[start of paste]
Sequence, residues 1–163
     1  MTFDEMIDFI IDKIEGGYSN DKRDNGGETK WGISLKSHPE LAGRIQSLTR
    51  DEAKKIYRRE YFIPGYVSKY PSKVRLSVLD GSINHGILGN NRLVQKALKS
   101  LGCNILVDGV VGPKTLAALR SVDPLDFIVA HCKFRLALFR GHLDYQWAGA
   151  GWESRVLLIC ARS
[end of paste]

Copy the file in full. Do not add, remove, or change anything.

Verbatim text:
Sequence, residues 1–163
     1  MTFDEMIDFI IDKIEGGYSN DKRDNGGETK WGISLKSHPE LAGRIQSLTR
    51  DEAKKIYRRE YFIPGYVSKY PSKVRLSVLD GSINHGILGN NRLVQKALKS
   101  LGCNILVDGV VGPKTLAALR SVDPLDFIVA HCKFRLALFR GHLDYQWAGA
   151  GWESRVLLIC ARS